Judge accused of drug buy faces deeper probe by judicial council

A Quebec judge accused of buying illicit drugs from a police informant faces deeper scrutiny by the Canadian Judicial Council.

The council has taken the relatively unusual step of referring the case of Quebec Superior Court Justice Michel Girouard to a panel of three judges.

It follows a nine-month investigation, announced in January at the request of Quebec Superior Court Chief Justice François Rolland. The allegations stem from a police bust of a drug trafficking ring in Quebec’s rugged Abitibi region.

The complaint was considered by Court Martial Appeal Court of Canada Chief Justice Edmond Blanchard, vice chairman of the council’s Judicial Conduct Committee.

In a statement released yesterday afternoon, the council said: “After considering all the available information, including the judge’s response to the allegations, Chief Justice Blanchard has decided that this matter warrants further consideration.”

Judges cannot be suspended without a joint act of Parliament, but no cases have been assigned to Girouard since the investigation was launched.

The review panel will be chaired by Chief Justice of New Brunswick Ernest Drapeau, working alongside Manitoba Court of Queen’s Bench Chief Justice Glenn Joyal and Nova Scotia Supreme Court Justice Arthur LeBlanc.

Of the approximately 180 complaints about the conduct of judges received by the CJC each year, only two or three are normally taken to the review stage, says communications director Johanna Laporte.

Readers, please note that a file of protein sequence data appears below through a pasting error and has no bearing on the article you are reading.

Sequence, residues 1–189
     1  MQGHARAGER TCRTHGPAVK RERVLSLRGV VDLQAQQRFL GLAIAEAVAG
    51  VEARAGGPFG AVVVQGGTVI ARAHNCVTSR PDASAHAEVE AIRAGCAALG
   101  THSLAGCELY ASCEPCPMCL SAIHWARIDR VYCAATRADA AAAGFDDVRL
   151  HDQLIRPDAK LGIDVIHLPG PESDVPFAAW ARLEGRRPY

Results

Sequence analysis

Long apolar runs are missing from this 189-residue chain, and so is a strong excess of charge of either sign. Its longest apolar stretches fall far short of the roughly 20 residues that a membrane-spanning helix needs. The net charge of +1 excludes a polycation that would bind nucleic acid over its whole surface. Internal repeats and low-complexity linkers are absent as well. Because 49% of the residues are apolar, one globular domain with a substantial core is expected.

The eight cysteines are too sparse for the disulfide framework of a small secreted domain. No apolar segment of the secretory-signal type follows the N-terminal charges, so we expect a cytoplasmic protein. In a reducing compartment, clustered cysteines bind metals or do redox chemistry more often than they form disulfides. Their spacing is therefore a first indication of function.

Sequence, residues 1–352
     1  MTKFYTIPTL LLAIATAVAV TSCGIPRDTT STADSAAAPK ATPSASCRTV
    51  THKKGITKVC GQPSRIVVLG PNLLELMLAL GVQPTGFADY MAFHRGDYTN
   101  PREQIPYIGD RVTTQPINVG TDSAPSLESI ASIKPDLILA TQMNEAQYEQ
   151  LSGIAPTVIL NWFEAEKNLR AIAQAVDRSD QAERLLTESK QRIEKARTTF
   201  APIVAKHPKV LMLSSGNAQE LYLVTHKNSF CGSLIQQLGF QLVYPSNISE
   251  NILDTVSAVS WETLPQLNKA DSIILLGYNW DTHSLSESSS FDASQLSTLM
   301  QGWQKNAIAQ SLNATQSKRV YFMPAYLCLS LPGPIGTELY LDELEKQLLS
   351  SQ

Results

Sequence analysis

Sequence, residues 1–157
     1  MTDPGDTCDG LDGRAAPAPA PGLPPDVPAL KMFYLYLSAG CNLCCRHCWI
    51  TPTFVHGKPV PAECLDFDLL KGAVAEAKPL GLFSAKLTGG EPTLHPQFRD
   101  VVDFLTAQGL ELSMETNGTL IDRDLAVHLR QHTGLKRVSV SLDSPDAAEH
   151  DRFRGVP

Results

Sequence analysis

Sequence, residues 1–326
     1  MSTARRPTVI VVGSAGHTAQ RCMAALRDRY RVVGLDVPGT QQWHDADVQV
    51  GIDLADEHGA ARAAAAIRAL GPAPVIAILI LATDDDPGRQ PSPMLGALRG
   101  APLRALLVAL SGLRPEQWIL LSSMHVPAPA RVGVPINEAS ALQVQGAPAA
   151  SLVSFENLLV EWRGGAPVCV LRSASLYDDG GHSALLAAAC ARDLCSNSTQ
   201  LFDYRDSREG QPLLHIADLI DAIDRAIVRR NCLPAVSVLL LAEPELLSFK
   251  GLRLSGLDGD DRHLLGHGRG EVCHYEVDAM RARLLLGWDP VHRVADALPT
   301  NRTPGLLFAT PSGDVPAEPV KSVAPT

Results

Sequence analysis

She adds: “It has taken some time to get to this. It’s a complex matter and one that has to be dealt with with some sensitivity.”

Since January, the complaint has been reviewed and comments have been sought from Girouard, who has also needed time to retain a lawyer and make his own inquiries, says LaPorte.

The review panel can decide for itself how long it needs to review the allegations, but Laporte says there is “an understanding and expectation” that it will move forward without too much delay.

“It’s never an ideal situation when a judge isn’t hearing cases because it creates a backlog,” she says, adding: “The Quebec court is essentially short of a judge.”

The review panel could decide to close the complaint, require Girouard to take remedial action such as counselling or coaching, or it could ask for a public inquiry to be launched.

Girouard became a superior court judge in September, 2010. He was previously a partner with Girouard Adam et Associates in Val-D’Or, Que., where his main areas of practice were business, banking and insurance law, and family law.

The alleged incident happened before he joined the bench, according to a Canadian Judicial Council statement issued in January.

A Quebec provincial court judge in Girouard’s region of Rouyn-Noranda, Justice Marc Grimard, was removed from cases at the same time as Girouard and investigated by the Court of Quebec. Both men were accused by a police informant inside the drug ring as regular customers for cocaine.

The Court of Quebec was unavailable for comment. The Conseil de la Magistrature du Quebec, which oversees the conduct of Quebec provincial court judges, said it would not comment on whether Grimard was still under investigation, or the nature of any complaint.

A Surêté du Québec spokeswoman said she could not comment on whether Grimard or Girouard faced criminal investigations because actions carried out as part of Operation Écrevisse are currently before the courts.

Operation Écrevisse began in 2010 and has led to dozens of arrests, including Hells Angels members, as part of an investigation into a drug trafficking ring.

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